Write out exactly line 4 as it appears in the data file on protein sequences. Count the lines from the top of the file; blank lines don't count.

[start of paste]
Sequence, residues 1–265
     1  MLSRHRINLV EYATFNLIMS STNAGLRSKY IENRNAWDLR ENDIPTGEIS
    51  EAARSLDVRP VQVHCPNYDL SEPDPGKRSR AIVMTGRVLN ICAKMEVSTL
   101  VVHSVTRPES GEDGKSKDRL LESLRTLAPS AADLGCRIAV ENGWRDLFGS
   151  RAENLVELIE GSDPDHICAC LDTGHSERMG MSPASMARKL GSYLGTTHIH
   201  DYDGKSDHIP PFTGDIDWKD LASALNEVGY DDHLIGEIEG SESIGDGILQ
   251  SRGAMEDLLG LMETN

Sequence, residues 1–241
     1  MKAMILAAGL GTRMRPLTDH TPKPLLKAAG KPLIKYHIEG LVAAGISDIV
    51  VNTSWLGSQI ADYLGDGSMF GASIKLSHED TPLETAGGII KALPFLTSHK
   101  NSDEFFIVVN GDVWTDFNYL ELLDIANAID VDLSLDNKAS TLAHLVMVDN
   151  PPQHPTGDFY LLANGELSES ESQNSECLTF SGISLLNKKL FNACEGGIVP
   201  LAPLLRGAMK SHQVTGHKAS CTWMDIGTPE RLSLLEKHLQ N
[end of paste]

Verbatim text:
   101  VVHSVTRPES GEDGKSKDRL LESLRTLAPS AADLGCRIAV ENGWRDLFGS